Mark Zuckerberg’s testimony before Congress made for great theater, but the questioning was not without conflicts of interest: Many of those who grilled him had received donations from Facebook.
According to The Verge, since 2014 Facebook has contributed $641,685 to the members of Congress who questioned Zuckerberg. The top recipients include Sen. Cory Booker (D-NJ), Sen. Kamala Harris (D-CA), and Rep. Anna Eshoo (D-CA).
The hostility of the questioning did not appear to correlate with the contributions. Sen. Orrin Hatch — who has received $15,200 in donations in the past three years, the sixth largest amount — asked purely softball questions. Sen. Booker — who has received $44,025 since 2014, the largest amount — asked some of the toughest questions. While these donations are perfectly legal, perhaps committee members should be required to disclose them at these hearings.
Facebook has just disclosed that its D.C. spending is on the increase. The company just announced that it spent $3.3 million on its U.S. lobbying effort during just the first quarter of 2018. This represents the largest amount that the company has ever spent in one quarter.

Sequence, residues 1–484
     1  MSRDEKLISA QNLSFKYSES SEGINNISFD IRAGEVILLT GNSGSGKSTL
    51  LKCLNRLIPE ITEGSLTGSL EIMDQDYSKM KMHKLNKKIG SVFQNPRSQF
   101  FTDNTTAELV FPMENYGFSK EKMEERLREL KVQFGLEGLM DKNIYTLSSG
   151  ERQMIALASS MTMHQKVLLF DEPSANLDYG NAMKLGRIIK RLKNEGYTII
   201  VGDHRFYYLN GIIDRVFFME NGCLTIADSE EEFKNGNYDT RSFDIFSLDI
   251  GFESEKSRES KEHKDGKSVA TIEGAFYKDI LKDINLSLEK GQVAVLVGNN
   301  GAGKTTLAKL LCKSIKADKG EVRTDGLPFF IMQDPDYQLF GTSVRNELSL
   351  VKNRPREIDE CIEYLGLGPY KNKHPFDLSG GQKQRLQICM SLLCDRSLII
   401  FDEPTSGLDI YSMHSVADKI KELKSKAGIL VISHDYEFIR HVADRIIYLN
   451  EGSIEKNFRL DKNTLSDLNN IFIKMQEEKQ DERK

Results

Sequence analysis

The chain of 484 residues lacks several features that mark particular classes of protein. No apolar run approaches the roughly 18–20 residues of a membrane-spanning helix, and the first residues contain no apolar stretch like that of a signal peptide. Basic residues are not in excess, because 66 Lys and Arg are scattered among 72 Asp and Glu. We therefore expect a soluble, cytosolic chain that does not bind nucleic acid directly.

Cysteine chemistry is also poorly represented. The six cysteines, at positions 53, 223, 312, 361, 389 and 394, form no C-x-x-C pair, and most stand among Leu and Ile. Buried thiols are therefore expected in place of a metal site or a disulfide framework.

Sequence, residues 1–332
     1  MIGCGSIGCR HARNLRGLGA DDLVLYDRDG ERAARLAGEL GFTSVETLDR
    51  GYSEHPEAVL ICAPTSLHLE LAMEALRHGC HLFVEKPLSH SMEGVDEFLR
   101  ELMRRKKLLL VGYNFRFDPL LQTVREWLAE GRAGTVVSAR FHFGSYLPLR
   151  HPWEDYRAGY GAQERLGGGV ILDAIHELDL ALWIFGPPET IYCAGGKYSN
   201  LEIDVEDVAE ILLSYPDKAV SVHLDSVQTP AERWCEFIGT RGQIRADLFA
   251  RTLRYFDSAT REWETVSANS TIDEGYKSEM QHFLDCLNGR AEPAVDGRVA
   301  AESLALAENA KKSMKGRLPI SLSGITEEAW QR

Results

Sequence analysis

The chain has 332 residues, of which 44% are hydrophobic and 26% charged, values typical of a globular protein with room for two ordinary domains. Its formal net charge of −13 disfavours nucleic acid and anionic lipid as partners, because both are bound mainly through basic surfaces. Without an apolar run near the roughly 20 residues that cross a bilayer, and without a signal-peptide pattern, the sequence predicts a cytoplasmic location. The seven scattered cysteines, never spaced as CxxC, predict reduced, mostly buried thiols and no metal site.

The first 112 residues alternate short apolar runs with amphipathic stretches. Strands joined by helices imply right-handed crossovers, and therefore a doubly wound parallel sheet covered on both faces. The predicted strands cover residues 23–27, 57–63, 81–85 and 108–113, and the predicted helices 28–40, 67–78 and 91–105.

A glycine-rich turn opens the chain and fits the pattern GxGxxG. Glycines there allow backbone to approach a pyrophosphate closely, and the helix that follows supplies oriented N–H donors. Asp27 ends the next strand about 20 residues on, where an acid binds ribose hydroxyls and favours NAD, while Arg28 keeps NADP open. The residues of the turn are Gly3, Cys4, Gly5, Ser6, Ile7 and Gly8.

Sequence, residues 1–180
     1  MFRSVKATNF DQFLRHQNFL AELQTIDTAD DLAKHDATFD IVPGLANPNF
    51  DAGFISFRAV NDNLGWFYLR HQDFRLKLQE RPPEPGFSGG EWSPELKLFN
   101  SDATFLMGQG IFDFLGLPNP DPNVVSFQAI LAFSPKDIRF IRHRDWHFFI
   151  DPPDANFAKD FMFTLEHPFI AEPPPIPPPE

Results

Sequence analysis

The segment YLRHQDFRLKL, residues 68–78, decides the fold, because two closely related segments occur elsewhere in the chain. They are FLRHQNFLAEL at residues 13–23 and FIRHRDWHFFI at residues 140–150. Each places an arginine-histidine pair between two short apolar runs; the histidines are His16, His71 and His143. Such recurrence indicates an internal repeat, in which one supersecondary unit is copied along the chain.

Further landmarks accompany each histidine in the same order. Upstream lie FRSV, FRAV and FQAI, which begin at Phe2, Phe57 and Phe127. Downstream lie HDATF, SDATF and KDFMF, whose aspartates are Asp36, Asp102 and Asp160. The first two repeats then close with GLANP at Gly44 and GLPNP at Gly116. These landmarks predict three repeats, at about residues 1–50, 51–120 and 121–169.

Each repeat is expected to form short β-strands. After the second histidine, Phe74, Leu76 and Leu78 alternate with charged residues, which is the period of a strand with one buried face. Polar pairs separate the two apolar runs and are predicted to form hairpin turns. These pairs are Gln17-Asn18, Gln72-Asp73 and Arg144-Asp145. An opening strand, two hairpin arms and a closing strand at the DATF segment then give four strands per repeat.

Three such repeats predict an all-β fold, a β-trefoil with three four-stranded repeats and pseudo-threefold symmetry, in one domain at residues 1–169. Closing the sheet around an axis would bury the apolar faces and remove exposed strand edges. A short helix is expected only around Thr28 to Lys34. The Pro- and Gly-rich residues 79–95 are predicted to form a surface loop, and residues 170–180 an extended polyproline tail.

Facebook’s money was spent on lobbying the White House, senators, and representatives, as well as several government agencies, including the Federal Trade Commission and Federal Communications Commission. Its lobbying expenses were directed at privacy and security issues related to its social network, as well as for changes to the immigration system, “including temporary high-tech worker visas and employment-based permanent residency.”
Facebook also provided lobbying support for DACA and net neutrality, and has joined a lawsuit against the FCC following its decision to overturn net neutrality protections. So Facebook has both lobbied the FCC and sued it.
The increase in lobbying spending has been an ongoing trend for Facebook, as well as other high-tech companies. Facebook has spent close to $30 million since 2015 and has doubled its lobbying efforts in Europe over the course of 2017.
In comparison, Amazon spent $3.38 million and Google spent more than $5 million for the first quarter of 2018. Amazon lobbied on taxes, music licensing, and drones. Google lobbied on intellectual property, privacy, and law enforcement access to data stored abroad.
Over the full year of 2017, Amazon, Apple, Facebook, and Google spent a record amount — about $50 million — on lobbying. So far in 2018, these companies are on track to beat that record. In comparison with other industries, Exxon spent $11.4 million and Merck & Co. spent $6.2M in 2017.
OpenSecrets.org lists all public corporate donations and recipients.